The third argument which the AEA offers is that dropping double-anonymous review would make it easier “for referees to identify an author’s potential conflicts of interest arising, for example, from consulting”. Pardon me, but why is this the referee’s duty? Isn’t it the duty of the journal to explicitely demand from paper submitters that they reveal any potential conflict of interest, from the paper submitters to voluntarily submit such information, and from the economics profession to severely punish authors who cheat this ethical code? (shaming may do).
So the arguments offered by the AEA are not very strong, to my mind. More importantly, there are two arguments against dropping double-anonymous review: a fairness and a quality-enhancing argument, and both are closely related.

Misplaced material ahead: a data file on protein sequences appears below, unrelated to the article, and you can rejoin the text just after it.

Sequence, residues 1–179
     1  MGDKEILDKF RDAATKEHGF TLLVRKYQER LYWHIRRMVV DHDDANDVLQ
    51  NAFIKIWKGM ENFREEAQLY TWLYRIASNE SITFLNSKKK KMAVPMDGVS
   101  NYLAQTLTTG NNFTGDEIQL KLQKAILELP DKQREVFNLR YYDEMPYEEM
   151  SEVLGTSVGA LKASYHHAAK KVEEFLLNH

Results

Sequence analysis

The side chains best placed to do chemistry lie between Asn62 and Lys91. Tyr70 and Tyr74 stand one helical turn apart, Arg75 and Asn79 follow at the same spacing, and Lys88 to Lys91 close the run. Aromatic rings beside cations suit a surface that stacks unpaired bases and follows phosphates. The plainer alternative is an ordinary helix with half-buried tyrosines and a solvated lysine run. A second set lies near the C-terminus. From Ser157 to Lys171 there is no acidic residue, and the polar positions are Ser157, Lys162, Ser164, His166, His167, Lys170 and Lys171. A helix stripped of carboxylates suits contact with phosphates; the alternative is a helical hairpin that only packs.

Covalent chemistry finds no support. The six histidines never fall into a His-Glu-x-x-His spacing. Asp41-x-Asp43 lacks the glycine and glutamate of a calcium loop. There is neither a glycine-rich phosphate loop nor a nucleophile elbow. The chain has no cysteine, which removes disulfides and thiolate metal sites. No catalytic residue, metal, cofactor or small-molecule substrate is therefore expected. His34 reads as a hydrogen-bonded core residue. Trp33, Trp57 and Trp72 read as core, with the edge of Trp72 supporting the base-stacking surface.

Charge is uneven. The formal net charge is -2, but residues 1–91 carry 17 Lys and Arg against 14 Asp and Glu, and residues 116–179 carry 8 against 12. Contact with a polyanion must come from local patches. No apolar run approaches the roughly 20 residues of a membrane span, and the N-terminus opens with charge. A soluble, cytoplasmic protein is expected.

We know from the scholarly literature on implicit bias that all human beings implicitly (and thus non-intentionally) discriminate against certain groups. (Harvard University has a whole center devoted to this field of research). In academia, this translates itself in a bias against women (and most likely other groups too, such as people of color and ethnic/linguistic minorities, but I’ve only studied the literature on gender discrimination; our notoriously smart CT readership will surely know more about this and complement/correct me). If one needs an entrance to this literature, a good place to start is the literature collected by Feminist Philosophers, who have been conducting the gendered conference campaign as a measure to counter this implicit bias in academia. See also this and this post at Feminist Philosophers which are directly on the issue of why anonymous reviewing is important.